Friday, May 30, 2014


We have been dealing with a number of queries in relation to the Immigrant Investor Programme. The programme is open to non-EEA nationals and their families who commit to a specific investment in Ireland. Successful applicants will be granted rights of residence in Ireland with an initial period of two years and then a further three years after which they may be eligible to apply for citizenship.

Two specific queries have come up several times when we have been approached by potential applicant investors.

The first question relates to whether or not an investor is required to be resident in Ireland should their application be successful. It is clear from the Departmental guidelines that there is no minimal residence requirement other than a stipulation that the person concerned must visit Ireland at least once every 12 months.

A second query that we have been dealing with is in relation to the different types of investments open to potential applicant investors. The previous guidelines indicated that applicants could apply to an “approved investment fund”. The only guidance provided by the Department on this type of investment was that the fund invested into would have to be regulated for the purposes of doing business in Ireland and the investment strategy of the fund must be compatible with the aim to the scheme.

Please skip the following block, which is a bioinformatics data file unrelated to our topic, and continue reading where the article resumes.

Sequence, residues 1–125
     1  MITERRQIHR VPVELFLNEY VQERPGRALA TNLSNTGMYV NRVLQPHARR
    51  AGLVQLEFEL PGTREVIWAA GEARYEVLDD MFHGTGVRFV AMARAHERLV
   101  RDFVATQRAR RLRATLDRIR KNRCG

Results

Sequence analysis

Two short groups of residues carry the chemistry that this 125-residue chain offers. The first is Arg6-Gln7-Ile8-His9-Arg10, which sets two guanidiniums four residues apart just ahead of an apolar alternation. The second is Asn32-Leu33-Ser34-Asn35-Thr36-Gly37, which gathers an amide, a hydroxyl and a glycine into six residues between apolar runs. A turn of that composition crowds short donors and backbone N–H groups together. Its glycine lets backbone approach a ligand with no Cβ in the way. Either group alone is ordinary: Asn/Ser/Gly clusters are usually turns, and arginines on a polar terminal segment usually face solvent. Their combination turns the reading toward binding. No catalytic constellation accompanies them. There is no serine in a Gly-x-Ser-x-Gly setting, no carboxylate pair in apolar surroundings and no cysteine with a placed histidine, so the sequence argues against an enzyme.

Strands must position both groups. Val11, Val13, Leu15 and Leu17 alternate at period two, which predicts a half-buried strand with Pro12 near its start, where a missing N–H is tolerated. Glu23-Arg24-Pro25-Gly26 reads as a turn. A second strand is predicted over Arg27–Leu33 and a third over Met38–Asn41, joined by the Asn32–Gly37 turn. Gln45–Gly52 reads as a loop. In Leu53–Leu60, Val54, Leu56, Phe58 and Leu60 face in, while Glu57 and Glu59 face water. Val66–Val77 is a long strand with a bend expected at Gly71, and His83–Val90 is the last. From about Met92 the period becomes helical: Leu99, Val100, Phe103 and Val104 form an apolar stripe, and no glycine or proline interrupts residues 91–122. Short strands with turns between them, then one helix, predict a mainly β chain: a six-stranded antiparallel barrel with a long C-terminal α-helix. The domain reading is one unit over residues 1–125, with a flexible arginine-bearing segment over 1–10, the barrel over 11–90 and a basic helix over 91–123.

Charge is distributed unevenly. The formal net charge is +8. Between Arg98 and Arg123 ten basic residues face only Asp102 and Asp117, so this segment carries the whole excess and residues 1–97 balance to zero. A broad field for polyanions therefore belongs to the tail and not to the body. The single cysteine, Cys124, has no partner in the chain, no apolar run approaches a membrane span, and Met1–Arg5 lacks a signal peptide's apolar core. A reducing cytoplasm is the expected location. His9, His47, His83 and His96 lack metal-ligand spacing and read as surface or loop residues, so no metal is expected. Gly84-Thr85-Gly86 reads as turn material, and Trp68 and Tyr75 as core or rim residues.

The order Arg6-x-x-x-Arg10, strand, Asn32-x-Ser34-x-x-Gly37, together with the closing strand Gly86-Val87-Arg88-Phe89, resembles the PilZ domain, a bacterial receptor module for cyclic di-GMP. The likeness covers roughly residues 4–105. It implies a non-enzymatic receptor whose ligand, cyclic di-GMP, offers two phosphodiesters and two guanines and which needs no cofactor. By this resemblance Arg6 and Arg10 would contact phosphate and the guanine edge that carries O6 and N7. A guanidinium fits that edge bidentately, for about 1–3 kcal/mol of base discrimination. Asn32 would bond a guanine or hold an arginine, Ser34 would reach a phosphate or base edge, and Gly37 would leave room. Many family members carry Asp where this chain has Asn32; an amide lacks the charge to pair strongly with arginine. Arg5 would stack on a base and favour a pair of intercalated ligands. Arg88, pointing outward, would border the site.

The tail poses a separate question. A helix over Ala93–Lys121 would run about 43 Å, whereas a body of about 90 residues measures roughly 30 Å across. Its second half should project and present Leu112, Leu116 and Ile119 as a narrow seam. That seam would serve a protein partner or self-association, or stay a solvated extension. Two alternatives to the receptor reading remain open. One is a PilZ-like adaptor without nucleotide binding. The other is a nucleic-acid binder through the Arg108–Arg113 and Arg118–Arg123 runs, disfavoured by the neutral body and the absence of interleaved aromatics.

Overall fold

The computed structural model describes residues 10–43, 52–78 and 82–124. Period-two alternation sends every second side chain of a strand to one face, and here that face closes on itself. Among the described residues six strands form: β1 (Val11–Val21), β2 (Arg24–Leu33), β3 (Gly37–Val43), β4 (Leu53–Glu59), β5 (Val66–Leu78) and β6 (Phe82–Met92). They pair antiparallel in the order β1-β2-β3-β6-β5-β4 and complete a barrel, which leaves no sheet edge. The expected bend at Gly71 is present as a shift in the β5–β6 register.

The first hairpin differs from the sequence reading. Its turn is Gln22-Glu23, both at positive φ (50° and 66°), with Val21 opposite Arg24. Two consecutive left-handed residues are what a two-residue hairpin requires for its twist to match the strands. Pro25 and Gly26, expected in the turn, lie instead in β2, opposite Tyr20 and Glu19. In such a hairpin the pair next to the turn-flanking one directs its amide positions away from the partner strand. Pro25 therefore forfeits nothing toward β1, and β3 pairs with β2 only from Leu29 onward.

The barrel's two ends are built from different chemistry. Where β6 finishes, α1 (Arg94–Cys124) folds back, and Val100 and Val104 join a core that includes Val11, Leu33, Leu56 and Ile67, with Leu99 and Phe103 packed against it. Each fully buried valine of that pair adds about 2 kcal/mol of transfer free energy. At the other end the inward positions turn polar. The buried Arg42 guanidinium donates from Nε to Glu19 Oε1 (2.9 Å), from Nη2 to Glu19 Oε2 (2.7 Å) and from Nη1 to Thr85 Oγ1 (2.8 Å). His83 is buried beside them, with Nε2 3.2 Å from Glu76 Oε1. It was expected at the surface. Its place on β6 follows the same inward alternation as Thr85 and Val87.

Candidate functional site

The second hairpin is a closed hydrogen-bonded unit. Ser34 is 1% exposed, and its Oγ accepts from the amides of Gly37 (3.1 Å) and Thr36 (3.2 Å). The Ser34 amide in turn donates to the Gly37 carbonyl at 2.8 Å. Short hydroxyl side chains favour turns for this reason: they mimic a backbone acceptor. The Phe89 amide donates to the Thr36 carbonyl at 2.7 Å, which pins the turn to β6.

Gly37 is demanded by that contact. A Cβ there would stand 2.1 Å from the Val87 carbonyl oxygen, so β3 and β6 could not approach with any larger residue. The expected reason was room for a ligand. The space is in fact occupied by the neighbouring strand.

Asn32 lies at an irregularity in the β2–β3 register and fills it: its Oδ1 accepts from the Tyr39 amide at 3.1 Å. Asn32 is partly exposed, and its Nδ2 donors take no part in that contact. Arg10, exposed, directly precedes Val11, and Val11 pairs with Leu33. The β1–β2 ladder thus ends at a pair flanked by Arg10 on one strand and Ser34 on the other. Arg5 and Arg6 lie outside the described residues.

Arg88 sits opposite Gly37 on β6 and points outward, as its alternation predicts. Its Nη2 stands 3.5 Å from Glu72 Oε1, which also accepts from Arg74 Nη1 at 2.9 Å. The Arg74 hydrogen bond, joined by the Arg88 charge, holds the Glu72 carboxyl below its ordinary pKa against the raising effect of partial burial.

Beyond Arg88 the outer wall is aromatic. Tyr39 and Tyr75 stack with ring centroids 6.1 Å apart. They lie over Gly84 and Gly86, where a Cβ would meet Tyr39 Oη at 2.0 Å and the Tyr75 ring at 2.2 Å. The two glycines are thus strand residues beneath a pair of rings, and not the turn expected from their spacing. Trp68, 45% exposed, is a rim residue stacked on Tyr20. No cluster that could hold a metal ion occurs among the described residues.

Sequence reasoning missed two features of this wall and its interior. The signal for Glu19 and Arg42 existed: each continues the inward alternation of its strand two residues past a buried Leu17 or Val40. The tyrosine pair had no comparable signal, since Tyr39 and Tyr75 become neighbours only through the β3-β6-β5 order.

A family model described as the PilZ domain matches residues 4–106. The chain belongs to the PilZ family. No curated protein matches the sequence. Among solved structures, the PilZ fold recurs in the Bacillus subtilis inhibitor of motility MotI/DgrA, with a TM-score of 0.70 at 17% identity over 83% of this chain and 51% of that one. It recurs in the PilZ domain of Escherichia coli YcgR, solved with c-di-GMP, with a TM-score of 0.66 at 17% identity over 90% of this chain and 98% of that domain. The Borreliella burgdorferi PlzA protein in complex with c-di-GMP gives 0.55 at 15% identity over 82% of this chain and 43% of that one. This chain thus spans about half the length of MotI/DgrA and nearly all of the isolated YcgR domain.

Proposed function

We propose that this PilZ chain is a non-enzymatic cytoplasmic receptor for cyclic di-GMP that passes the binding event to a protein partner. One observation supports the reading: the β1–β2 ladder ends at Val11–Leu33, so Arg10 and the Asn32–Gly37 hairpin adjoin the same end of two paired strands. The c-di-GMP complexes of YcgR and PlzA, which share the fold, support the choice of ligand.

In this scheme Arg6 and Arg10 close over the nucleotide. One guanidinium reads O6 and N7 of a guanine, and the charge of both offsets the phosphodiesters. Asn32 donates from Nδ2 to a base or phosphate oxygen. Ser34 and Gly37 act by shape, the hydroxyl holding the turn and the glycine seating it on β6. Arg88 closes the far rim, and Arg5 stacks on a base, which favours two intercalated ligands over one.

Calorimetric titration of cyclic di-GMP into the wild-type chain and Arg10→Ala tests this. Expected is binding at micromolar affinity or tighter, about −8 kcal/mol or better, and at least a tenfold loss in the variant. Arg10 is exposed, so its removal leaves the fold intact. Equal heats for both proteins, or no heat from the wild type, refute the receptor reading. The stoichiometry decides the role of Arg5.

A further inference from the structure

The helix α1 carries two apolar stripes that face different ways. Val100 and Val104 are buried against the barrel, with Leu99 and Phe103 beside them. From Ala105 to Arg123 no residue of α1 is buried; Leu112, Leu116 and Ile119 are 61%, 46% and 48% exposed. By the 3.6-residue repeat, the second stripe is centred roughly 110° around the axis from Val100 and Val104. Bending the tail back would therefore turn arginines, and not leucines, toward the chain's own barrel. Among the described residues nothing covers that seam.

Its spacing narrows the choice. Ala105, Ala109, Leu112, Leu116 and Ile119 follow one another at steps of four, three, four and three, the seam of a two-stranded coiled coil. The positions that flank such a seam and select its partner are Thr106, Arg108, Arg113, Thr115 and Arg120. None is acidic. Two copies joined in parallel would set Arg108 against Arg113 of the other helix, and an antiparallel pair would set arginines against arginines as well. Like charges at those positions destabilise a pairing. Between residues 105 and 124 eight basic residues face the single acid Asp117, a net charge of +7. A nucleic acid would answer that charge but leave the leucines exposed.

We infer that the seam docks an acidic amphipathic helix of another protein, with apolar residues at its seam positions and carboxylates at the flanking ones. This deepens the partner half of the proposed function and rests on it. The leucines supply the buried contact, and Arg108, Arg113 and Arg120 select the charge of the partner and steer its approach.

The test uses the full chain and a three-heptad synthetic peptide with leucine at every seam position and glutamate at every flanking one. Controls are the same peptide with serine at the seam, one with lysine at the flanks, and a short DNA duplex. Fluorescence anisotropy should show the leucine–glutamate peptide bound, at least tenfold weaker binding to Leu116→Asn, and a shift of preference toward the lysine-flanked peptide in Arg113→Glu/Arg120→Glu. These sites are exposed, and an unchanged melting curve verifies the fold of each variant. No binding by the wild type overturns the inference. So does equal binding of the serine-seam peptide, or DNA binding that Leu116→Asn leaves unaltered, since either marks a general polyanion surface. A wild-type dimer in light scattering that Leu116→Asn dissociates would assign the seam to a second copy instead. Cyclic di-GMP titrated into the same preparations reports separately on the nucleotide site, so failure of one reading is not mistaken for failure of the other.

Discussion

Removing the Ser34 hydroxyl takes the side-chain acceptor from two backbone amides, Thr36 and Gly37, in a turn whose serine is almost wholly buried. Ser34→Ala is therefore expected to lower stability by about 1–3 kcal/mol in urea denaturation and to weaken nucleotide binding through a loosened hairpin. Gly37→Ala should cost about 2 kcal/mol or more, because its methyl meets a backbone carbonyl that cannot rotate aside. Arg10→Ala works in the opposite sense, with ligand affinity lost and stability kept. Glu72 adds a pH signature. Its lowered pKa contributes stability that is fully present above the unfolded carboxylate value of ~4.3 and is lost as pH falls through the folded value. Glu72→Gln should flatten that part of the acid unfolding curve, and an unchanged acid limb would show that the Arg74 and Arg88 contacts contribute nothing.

We have written to the Department on several occasions looking for a further clarification on what types of funds would be acceptable as approved funds. We note that the guidelines on the INIS website have now been updated to deal with this issue. It is stated that the approved investment fund is not available at this point and further details will follow. We refer you to the updated guidelines that are available here.

While the approved investment fund is no longer available, it should be borne in mind that there are a number of other options available to possible applicants including an investment into Irish Enterprise, an investment into an Irish Real Estate Trust and a mixed investment into residential and commercial property. There is also scope to make a one off philanthropic endowment and also provision to invest in the Immigrant Investor Bond.  

It is clear from recent changes to the Entrepreneurship Programme and the Immigrant Investor Programme that these schemes are being honed by the Department and that the guidelines are being frequently updated and amended. Anyone considering making an application should be sure to check the up to date position to check their eligibility and the current requirements.

Rebecca Keatinge

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